Perry Pernicano recalls visiting the museum for the first time when he traveled by train on a class field trip from Dearborn. He remembers it making a big impression and being happy to rediscover it during his U-M college days and then eventually sharing it with his two sons. He and his son Victor began visiting regularly and supporting things such as planetarium and exhibit updates. He’s always enjoyed seeing the impact that his donations to the museum have had on U-M students, K-12 schoolchildren, and the community. Victor spent several years working as a student docent and planetarium operator at the museum, and recently graduated from U-M.
The Perry Pernicano Museum Priorities Fund will be used to support museum priorities, including new and updated exhibits, the student docent program, planetarium programs, public programs, and school field trip programs, in perpetuity.
We are sincerely grateful for Perry’s generosity and friendship!
Alyce Sigler grew up in Chicago and frequently visited the U-M campus with her parents. Her father was the volunteer Director of the Chicago U-M Alumni Club for 35 years, and instilled the volunteer spirit in his daughter. Their favorite destination was the "Exhibit Museum" to visit the galleries and rock specimens.
Alyce is a U-M alumna (BBA and AMLS) and a long-time friend and supporter of student engagement on campus. She reconnected with the museum when one of her scholarship recipients worked as a student intern here. Alyce decided that it was important to provide opportunities for students to engage with the museum for generations to come.
The Alyce K. Sigler Museum of Natural History Student Engagement Fund will be used to support University of Michigan undergraduate student programs and experiences at the U-M Museum of Natural History.
During her freshman orientation in 1958, general science major Eileen Starr discovered the “Exhibit Museum,” and immediately asked for a job. The only student position that offered enough hours was as a student operator of the soon-to-be installed Spitz A-1 planetarium. She accepted it and became the museum’s first student planetarium operator.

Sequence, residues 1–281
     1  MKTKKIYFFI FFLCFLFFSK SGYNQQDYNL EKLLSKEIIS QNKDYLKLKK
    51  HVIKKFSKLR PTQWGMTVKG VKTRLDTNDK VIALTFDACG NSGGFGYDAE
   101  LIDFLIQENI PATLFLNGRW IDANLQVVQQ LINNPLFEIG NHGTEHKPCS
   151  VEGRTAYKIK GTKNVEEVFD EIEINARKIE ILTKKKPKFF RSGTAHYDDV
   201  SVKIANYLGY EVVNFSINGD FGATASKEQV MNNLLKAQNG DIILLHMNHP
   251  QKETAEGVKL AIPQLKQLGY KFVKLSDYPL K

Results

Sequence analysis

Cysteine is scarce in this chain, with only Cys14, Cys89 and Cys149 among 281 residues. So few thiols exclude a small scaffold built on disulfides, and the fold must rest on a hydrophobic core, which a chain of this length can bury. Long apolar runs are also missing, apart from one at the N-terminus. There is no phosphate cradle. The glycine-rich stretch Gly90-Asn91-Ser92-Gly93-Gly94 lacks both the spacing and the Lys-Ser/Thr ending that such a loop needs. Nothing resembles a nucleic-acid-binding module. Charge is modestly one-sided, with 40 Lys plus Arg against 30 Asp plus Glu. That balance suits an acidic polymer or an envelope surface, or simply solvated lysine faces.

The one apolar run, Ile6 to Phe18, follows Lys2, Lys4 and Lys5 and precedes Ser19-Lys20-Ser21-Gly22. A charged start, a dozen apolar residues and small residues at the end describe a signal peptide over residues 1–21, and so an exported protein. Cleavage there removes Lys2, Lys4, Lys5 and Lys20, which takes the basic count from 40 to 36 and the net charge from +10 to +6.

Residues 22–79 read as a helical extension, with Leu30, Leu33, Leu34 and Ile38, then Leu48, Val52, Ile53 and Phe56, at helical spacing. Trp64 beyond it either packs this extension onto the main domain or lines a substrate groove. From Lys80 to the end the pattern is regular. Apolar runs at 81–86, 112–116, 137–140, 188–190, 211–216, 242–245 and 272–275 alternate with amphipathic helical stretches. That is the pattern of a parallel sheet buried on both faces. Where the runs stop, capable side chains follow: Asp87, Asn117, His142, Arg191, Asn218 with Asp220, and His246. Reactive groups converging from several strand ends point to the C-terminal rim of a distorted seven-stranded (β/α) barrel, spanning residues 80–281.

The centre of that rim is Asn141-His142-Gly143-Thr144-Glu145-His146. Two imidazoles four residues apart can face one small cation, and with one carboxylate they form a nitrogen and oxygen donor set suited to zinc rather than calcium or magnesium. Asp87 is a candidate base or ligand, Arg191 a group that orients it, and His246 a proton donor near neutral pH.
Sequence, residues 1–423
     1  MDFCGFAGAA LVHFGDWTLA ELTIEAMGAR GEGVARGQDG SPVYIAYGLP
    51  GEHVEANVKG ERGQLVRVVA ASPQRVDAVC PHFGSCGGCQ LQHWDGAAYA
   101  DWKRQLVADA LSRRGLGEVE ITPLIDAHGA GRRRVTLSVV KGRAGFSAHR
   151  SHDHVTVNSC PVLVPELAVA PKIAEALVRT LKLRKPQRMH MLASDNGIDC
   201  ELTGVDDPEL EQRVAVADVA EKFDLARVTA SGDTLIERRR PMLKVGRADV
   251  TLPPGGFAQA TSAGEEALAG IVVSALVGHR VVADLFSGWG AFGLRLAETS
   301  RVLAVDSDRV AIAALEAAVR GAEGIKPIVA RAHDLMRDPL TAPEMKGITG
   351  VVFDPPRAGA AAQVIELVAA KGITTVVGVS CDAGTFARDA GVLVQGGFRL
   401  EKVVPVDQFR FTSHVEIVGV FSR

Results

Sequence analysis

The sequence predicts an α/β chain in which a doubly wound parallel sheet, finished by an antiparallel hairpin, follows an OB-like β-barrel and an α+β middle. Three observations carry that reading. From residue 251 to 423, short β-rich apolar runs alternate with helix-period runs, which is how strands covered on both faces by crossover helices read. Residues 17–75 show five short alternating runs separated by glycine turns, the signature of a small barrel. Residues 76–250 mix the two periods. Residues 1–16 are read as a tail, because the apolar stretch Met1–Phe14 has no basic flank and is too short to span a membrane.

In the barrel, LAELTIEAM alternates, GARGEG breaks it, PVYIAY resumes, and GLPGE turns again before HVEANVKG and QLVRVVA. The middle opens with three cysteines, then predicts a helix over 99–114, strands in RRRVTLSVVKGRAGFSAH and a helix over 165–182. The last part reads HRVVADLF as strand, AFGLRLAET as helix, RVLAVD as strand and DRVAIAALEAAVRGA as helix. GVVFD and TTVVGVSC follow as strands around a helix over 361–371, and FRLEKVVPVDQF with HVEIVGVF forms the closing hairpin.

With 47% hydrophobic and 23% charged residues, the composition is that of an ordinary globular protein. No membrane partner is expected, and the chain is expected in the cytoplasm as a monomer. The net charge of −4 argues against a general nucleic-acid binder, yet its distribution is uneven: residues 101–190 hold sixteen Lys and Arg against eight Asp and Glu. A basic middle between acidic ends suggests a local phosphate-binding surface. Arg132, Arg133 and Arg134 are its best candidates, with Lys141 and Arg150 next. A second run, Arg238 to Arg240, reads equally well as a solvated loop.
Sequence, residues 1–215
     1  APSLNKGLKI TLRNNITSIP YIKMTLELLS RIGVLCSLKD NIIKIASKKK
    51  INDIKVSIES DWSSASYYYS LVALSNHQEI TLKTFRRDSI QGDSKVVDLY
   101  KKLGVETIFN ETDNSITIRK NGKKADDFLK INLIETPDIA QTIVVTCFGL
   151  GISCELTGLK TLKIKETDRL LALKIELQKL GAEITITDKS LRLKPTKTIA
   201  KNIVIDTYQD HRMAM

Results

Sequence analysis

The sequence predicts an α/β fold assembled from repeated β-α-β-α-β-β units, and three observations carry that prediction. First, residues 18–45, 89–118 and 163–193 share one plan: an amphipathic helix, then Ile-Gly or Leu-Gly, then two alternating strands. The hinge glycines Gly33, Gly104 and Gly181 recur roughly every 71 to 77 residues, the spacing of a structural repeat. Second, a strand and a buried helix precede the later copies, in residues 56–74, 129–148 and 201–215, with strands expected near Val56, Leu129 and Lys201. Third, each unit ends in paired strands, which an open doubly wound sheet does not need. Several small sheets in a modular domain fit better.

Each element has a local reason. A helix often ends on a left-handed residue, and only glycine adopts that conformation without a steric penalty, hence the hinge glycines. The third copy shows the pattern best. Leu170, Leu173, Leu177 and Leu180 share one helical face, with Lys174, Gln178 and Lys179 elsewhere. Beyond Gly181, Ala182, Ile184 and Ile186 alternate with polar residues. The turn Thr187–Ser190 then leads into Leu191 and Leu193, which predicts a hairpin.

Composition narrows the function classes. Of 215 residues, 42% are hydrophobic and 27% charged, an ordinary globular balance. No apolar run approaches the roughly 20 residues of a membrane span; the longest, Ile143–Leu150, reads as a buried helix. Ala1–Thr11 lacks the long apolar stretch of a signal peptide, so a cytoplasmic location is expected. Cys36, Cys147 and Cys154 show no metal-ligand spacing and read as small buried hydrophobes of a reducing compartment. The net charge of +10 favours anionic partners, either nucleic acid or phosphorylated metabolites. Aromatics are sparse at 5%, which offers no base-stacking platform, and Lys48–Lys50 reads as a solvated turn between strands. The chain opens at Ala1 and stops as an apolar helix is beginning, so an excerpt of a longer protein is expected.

Eileen credited her tenure as a U-M Museum of Natural History student docent for directing her life course, which included working as either a planetarium director or a teacher of Earth Science classes in cities across the country.
Nearly 60 years later, Eileen recognized her life in science by establishing an endowment fund to support hands-on science learning opportunities at the museum, in perpetuity.
The Dr. Eileen Starr Hands-On Science Fund will be used to cover expenses specifically related to providing opportunities for U-M undergraduate students to develop and facilitate hands-on science experiences for museum visitors and program participants.
“I established this fund so that students can better learn how to create successful hands-on science activities for when they are teachers, or when they become parents,” Eileen said. “As a teacher and past science center director, I know hands-on activities are not always easy to create. The more practice, the better.”
Eileen passed away in Fall 2020. Generations of students and museum visitors will benefit from her thoughtful generosity.
In celebration of the opening of the new University of Michigan Museum of Natural History, her 50th birthday, and her 20th year of working at the museum, Assistant Director for Education Kira Berman made the lead gift to establish the Ypsilanti Community Schools Museum Program Fund.
Kira is deeply proud of the museum’s new home in the state-of-the-art Biological Sciences Building and was overjoyed to see thousands of schoolchildren visit the museum after the April 2019 grand opening and before the COVID-19 pandemic crisis began. A proud Ypsilanti resident and former school board member, Kira wants to ensure that students in Ypsilanti have access to the museum in perpetuity, whether onsite where they can see into Biodiversity and Fossil Prep Labs, talk to scientists about their research, and participate in hands-on science activities throughout the museum, or through virtual programs and opportunities created especially for them.
“I've seen firsthand the educational inequity in Washtenaw County. This fund is an attempt to correct one piece of that inequity permanently,” Kira said.” After all, what good is the beautiful new museum that I've helped create if children six miles away are unable to take advantage of it?”
The Fund will grow over time and provide museum outreach for preschool through 12th grade students with priority given to Ypsilanti Community Schools students.